Trapping particles in a laser beam (photophoretic trapping)

To make a long story short this topic to me is very confusing but I would really like to achieve the effect. Basically in photophoretic trapping from what I understand it is the lowest density section of the laser beam (when focused) that is able to trap a particle. Ive seen videos of particles being trapped from crayola markers, graphite, tungsten, and cellulose.

I already read a few OSA articles on the subject and yet from watching videos, what to do is still unclear. In diagrams you need several types on lenses and mirrors etc like this:

But couldn't I take say a 405nm laser, a plano convex lens where the fl = 25.4mm, and then maybe 25mW to 3W. with these couldn't I just put a particle in the highly focused beam and trap the particle or do i need my setup to be more complex. Please respond with maybe how this works, and how this can be setup that I can test it. From what i have looked up this answer will be of great help to me and this community.

10/10/18 UPDATE: from what I now understand the more power you have the better chance you have of keeping particles within the system, but you may keep more particles then wanted but that's ok for now. Please look at the following diagram:

Here they are using a 532nm laser but I would like to use a 405nm laser. The wattage they use varies from 30mW to 200mW to which mine will be a happy medium. Now I see he focused the beam in the beginning (f=50mm) so that the beam can expand to 16mm (starting beam width was a few mm) the f2 is 200mm. What is the point of getting a bigger beam? Finally the beam is focused down with a f=50mm lens (mine would be 25mm). They trap ink toner particles and small iron particles which I too will try and replicate. I also imagine all the lenses are plano convex. Please let me know if my setup is correct (I might actually try the 532nm to do this exactly) but the answers to the questions I asked would better help me understand what I'm doing!

9/11/18 UPDATE: please refer to the following diagram.

This will be the experiment I will try (looks like the same image as above except you can now see the plano-convex lenses and the focal lengths). If anything changes it will be the focal length of the last lens, because if i can get it to be less then 25mm that would be better. One thing I'm worried about is the laser losing power over distance its traveling and all the expanding and culminating processes it will be running through. The laser I will be using is here 532nm Laser 100mW if this seems like a bad choice for a laser please do inform me, or if my setup seems insufficient because on the beam diameter being so small and expanding it to what I want would be a little lengthy (using my lens process. experiment errors or successes will be posted when complete.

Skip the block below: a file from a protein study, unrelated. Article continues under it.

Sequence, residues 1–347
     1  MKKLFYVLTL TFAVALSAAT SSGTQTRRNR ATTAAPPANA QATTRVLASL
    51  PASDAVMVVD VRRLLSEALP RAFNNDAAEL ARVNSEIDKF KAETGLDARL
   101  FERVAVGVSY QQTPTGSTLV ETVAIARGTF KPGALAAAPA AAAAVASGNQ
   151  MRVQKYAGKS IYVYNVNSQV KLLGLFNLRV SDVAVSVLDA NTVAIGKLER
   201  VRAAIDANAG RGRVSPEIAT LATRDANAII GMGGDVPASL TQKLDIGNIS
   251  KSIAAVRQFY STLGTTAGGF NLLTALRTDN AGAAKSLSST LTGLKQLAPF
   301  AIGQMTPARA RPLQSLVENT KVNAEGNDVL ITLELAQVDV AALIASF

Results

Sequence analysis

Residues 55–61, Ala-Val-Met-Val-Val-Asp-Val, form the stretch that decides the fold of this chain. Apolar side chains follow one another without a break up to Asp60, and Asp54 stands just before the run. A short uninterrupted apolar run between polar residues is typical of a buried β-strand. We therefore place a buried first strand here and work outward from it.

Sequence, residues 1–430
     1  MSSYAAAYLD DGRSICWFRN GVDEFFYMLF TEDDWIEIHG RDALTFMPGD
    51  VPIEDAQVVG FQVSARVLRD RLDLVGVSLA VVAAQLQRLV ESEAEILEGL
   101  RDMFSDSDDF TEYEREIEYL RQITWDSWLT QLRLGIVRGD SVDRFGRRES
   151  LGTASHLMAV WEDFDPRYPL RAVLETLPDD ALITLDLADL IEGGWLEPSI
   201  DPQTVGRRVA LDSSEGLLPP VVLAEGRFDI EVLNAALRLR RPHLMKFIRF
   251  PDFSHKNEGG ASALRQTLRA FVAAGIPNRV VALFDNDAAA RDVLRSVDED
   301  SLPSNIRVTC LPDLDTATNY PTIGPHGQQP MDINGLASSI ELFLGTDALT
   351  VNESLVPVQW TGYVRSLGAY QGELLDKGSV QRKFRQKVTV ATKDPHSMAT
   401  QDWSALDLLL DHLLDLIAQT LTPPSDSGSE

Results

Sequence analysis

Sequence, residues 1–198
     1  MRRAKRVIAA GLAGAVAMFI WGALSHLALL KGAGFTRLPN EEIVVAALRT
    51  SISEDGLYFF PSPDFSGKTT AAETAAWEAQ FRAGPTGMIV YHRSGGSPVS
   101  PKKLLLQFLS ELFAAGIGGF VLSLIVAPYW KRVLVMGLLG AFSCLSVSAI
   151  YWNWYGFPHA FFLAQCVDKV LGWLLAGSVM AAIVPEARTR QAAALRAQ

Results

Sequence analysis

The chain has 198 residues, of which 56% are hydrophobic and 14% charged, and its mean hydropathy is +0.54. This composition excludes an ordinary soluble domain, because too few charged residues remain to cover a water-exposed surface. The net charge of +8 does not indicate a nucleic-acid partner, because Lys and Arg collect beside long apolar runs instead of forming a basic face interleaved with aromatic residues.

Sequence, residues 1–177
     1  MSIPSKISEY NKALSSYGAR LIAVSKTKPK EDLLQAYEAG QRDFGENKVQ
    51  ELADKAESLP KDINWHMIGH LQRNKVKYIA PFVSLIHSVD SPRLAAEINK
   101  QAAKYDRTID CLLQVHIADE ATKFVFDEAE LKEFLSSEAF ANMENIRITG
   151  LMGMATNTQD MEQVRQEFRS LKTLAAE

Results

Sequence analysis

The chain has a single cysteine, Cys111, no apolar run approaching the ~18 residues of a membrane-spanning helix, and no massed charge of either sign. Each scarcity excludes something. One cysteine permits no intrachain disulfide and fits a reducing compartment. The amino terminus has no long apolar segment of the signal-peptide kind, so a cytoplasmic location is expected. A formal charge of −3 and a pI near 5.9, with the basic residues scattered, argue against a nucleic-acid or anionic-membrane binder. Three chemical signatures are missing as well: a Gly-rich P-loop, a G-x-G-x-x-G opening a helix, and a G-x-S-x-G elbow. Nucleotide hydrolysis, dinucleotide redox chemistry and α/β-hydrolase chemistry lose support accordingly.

10/13/18 UPDATE: from my post on laserpointerforums I see a person had tried this but ended up burning the particle. He never listed the mW or W of the laser but now I'm wondering how much is to much. My 5mW laser can burn black objects so how many milliwatts do I need for particle-trapping without burning the particle right away? Should I go for 5mW or should I use my helium neon laser which is 0.95mW?

I bought 2 lasers, the first one is 532nm 20mW And the second is red 100mW My hope is that by testing these with my optical bench I can produce results good enough to answer this question!

• "What is the point of getting a bigger beam? " -> you get more aperture and therefore your laser is focused to a smaller spot – Manu de Hanoi Oct 11 '18 at 3:14
• @ManudeHanoi thank you very much i did not know that! Now looking back on it that makes sense – Reese Houseknecht Oct 11 '18 at 3:15

Using simple optics i was able to use the 532nm 25mW laser (which when measured was actually 20mW) and trap a particle, heres how. There are 2 lenses in the photo above, a focal lens where fl=50mm and another focal lens where fl=25mm. The one that is directly after the laser beam is the 50mm focal lens which focuses the beam but its true purpose is then expand the beam diameter to about 1cm. The beam shines through a hole made of black tape so that the main beam passes through and the small fuzzy particles get blocked. The final lens is the fl = 25mm lens which focuses the beam from such a larger beam diameter that you can achieve photophoretic trapping. Here are some pictures (i use a black sharpie marker to show the trapped particles Here is a youtube video of the trapping photophoretic trapping

Also there is a tutorial here that i made tutorial